September 9, 2010 - Bend Bulletin - Catch and relief

Sep 10, 2010

September 9, 2010 - Bend Bulletin - Catch and relief

Catch and relief

Wet day at Fall River Fish Hatchery didn't put a damper on family fishing trip

By Betsy Q. Cliff / The Bulletin
Last modified: September 09. 2010 11:17AM PST

When we planned the fishing trip, it was 95 degrees in Bend. When we arrived, on a Saturday a few weeks ago, it was 47.

And raining.

My hopes were not high when we pulled into the parking lot at the Fall River Fish Hatchery. In the car, we had discussed that I would likely be taking our 11-month-old son back to a warm bookstore or coffee shop in nearby Sunriver while my husband fished with our friends.

The baby, we figured, wouldn't last more than a few minutes in the rain. I worried that neither would I.

We were, fortunately, wrong. The entire family had a wonderful time fishing, walking or looking around the river.

That's worth keeping in mind as we head away from the summer, when nice weather is nearly a guarantee, into more meteorologically inconsistent seasons.

Fall River Fish Hatchery is a 40-acre site with a sprawling lawn that surrounds fish ponds and several private residences. It grows primarily rainbow trout; the stock came originally from the nearby Crane Prairie Reservoir.

“It's about as native a fish for this area as we have available,” said Phil McKee, manager of the hatchery. For years, he said, hatchery staff trapped fish in Crane Prairie, though now they breed them from the fish already living at the hatchery.

These fish are stocked in the Fall River, though McKee said some of the fish in the river are native.

The river is open to fly-fishing only, and you can keep two fish per day; both must be 8 inches or longer, and only one can be larger than 20 inches. As with other Oregon rivers, you must have a license to fish. Licenses can be purchased at many fishing or sporting goods stores.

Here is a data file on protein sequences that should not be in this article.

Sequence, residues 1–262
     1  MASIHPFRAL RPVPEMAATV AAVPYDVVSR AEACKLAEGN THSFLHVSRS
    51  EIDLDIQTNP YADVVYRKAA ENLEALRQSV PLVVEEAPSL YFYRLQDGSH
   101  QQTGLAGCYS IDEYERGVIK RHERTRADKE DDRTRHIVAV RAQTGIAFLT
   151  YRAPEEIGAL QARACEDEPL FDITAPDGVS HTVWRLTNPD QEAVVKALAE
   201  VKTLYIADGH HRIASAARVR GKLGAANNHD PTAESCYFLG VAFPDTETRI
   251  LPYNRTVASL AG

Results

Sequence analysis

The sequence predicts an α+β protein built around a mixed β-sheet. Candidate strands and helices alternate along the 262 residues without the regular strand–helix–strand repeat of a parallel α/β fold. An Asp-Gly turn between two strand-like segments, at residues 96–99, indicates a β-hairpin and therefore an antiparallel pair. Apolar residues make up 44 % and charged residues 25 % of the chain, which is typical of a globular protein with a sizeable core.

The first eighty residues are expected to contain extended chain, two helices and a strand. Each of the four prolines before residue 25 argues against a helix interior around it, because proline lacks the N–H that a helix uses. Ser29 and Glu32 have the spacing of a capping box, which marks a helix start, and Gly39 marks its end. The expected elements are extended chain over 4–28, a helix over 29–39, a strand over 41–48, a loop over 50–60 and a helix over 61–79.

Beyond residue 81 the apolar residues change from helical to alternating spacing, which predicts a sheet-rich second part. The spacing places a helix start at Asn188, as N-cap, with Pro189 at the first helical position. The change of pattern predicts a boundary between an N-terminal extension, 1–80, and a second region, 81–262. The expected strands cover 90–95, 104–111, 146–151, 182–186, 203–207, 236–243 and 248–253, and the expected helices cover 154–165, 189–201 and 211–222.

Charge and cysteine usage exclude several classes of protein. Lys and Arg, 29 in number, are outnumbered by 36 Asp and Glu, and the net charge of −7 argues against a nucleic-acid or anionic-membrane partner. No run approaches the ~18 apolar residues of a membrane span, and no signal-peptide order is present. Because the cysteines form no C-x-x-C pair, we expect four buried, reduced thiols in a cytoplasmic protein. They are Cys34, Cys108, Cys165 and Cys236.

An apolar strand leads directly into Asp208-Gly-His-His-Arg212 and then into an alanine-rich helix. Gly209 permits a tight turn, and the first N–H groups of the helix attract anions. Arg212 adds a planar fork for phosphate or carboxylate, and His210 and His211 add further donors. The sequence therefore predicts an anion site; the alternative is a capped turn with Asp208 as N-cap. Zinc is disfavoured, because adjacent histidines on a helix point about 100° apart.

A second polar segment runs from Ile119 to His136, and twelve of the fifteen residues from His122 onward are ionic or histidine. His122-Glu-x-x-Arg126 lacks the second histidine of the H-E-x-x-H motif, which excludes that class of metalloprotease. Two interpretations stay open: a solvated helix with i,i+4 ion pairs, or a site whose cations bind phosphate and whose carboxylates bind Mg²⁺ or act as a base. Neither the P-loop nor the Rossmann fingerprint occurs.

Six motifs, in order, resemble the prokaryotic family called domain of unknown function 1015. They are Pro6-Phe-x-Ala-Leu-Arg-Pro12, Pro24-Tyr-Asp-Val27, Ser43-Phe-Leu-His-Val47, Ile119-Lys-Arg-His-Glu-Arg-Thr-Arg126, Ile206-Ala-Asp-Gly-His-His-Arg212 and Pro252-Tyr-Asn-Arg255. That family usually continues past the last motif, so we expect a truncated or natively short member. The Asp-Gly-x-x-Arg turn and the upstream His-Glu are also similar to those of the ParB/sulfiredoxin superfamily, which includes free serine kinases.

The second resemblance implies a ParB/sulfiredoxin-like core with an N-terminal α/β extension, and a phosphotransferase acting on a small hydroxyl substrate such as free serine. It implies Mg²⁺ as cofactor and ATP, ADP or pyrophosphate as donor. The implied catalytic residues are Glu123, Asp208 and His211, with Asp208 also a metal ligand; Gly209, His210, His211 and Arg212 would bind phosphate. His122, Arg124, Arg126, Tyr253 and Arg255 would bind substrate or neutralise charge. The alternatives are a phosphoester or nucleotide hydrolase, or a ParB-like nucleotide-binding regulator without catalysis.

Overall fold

The Fall River emerges from the ground as a full-size spring and runs about eight miles before emptying into the Deschutes River.

Along most of the shore, it's beautiful. The dry coniferous forest surrounding the river gives way to meadow and wildflower-lined banks while the river plays over small falls and around bends.

The water is incredibly clear. Even from the shore, it was easy to spot fish in the river.
Downstream from the hatchery, private ownership of the land restricts access. But, there's plenty of good fishing to be had near the hatchery and upstream. We spent our afternoon within easy walking distance of the hatchery. The river is wadable, though that certainly is not necessary as plenty of good water can be reached from the banks.
In fact, as we found, you don't even need to leave the lawn on the fishery grounds to land a fish.

(Full disclosure: I did not actually fish the river. I agreed to watch the baby through the afternoon, instead. Fortunately the river is small enough and the trail is good enough that we could get close to the action.)

The rain continued on and off through the afternoon, and we found there are a few advantages to fishing in foul weather. First, the rain knocks down the crowd.
The Fall River hatchery can get crowded on summer weekends, McKee said, with both visitors and anglers. We saw a few people there, but most came and left quickly, on to drier and warmer places.

Second, fish can sometimes be more active in foul weather. “They are very wary when the sun's brilliant,” McKee said. “When it's windy or overcast, they have a lot more cover.”
And last, it can be easier to sneak around the river. There's no shadow on the river to betray the fisherman's presence.

Late in the afternoon, as the rain abated, the fish began to feed like crazy.
From the shore, I watched one particular rainbow as it came up over and over again. It waited patiently near the bottom of the river, letting mayfly after mayfly float over its head. Then, at some moment, the fish came up for a strike, causing a small ripple and retreating quickly back to the bottom of the river.

My husband and friends caught several rainbows, most about 10 inches or so in length, though we did not keep any of them.

For me, especially once the rain stopped, entertaining the baby was easy. There was plenty of lawn for him to play on, an easy trail to walk and, best of all, the car was in easy reach when we needed a snack or another toy.

At the beginning of the week, I had pictured lounging in the sun next to the stream. Instead, it was a blow-on-your-hands, wear-all-your-layers, turn-the-car-heat-on-full-blast kind of trip.

And, at least on that day, that made it fun.

Betsy Q. Cliff can be reached at 541-383-0375 or

Published Daily in Bend Oregon by Western Communications, Inc. © 2010

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